I am building an eBook reading service (paid) and I aim to distribute free classics available on Gutenberg Project.

I have gone through all Gutenberg terms which allows me to do almost anything, but Gutenberg being limited to the US, it doesn't say much beyond that.

I just came to know that Gutenberg is banned in Germany, because of a lawsuit arising out of the situation that copyright expiry differs between Germany and the US (where Gutenberg is located).

My questions are:

  • Does this mean I cannot sell any books in Germany? Are there exceptions? (By selling I do not mean to sell one book for €xx - it is rather unlimited books per month sort of, but it is no different from selling)

  • Is there a central place to know how many years old books could be safe to publish, in every country?

  • If there is a safer, more copyright-generic source than Gutenberg, I can utilize that too.

  • If at all infringement occurs, what sort of difficulties could arise for me?

  • 2
    I'm not sure if this is on-topic here - you may want to check out Law for questions about the law. (Note that they don't offer personalized legal advice)
    – bobble
    Dec 11, 2020 at 0:16
  • Um, I'm not sure you're allowed to charge money for books that are already in the public domain (i.e., the ones in the Gutenberg Project). Especially because it's an Ebook, so you're not charging for printing the book and stuff. Dec 11, 2020 at 2:17
  • 5
    @NorthLæraðr "I'm not sure you're allowed to charge money for books that are already in the public domain" Which is why Shakespeare's plays haven't been reprinted and sold for centuries, right? Right? :-P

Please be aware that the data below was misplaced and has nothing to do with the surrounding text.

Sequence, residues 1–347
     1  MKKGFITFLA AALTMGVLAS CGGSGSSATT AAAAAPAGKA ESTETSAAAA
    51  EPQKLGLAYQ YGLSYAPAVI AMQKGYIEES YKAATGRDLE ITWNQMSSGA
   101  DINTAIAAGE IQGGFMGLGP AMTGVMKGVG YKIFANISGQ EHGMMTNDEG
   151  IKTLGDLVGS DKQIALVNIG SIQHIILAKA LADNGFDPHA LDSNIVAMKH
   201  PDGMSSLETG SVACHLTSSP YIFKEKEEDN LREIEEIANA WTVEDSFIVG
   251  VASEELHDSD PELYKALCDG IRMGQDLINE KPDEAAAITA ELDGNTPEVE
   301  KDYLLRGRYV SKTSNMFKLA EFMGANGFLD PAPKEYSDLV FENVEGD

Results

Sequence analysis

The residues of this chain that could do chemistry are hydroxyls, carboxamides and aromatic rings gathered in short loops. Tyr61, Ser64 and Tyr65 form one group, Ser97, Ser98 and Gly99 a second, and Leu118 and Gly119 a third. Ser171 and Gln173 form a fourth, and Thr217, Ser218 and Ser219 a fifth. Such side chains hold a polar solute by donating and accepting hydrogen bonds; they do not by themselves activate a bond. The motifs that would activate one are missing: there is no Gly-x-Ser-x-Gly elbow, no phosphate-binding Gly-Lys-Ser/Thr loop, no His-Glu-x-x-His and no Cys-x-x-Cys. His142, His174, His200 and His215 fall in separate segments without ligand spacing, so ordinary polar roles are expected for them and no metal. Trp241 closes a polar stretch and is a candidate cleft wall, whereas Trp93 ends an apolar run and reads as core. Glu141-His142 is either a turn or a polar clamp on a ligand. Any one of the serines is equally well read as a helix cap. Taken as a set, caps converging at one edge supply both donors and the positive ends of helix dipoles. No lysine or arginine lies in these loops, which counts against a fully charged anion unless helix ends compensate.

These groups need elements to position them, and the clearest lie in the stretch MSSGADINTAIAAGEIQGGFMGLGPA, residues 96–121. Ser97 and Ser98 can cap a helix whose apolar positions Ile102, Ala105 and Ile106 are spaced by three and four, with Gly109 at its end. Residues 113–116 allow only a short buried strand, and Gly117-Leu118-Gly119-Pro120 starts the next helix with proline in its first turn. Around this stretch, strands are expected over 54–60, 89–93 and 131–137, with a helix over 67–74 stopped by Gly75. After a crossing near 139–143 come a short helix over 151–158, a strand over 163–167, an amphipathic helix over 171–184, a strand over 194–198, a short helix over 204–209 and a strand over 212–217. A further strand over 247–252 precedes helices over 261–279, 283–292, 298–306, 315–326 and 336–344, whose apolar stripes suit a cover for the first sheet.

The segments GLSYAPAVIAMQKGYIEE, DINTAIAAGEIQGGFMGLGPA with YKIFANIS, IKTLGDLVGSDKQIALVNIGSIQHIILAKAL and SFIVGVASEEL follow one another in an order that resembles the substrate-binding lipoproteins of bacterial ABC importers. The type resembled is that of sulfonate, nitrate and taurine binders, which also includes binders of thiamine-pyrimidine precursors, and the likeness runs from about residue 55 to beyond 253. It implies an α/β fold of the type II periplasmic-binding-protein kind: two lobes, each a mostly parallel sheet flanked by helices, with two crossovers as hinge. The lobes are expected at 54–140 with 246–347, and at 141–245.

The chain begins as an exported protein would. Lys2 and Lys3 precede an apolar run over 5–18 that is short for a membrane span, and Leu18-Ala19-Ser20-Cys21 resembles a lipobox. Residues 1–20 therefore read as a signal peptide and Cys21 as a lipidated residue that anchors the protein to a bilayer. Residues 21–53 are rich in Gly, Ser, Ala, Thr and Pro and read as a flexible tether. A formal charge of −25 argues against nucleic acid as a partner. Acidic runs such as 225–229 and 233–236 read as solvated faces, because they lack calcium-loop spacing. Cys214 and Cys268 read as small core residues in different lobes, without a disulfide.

– Tsundoku
    Dec 11, 2020 at 9:56
  • @NorthLæraðr thanks for your feedback. I am charging for better reading service that I provide, and it's not just a website I maintain.Gutenberg's terms do not restrict me in anyway. Plus, I see Amazon and every other publisher selling them online as classics. I don't sell them on per copy, but for the entire reading service. Dec 11, 2020 at 13:53

1 Answer 1


As the page Court Order to Block Access from Germany explains, the blocking has to do with differences between the EU and the USA related to the rules governing copyright:

  • in Germany, copyright lasts until 70 years after the author's death;
  • in the USA, for works published before 1978 "the maximum copyright duration is 95 years from the date of publication, if copyright was renewed during the 28th year following publication" (quoted from "Copyright in the United States" on Wikipedia).

In fact, the rule that applies in Germany applies in all of the EU because it follows from the Copyright Duration Directive and the Copyright Term Directive.

Certain works by Heinrich Mann (who died in 1950), Thomas Mann (who died in 1955) and Alfred Döblin (who died in 1957) were still copyrighted in the European Union when they entered the public domain in the USA, where Project Gutenberg is based. The German publisher S. Fischer Verlag, who published these authors' works, sued Project Gutenberg, so they would remove eighteen books by these authors [1] from their archive. Project Gutenberg did not want to remove those books; this resulted, in February 2018, in blocking access to Project Gutenberg for all persons located in Germany.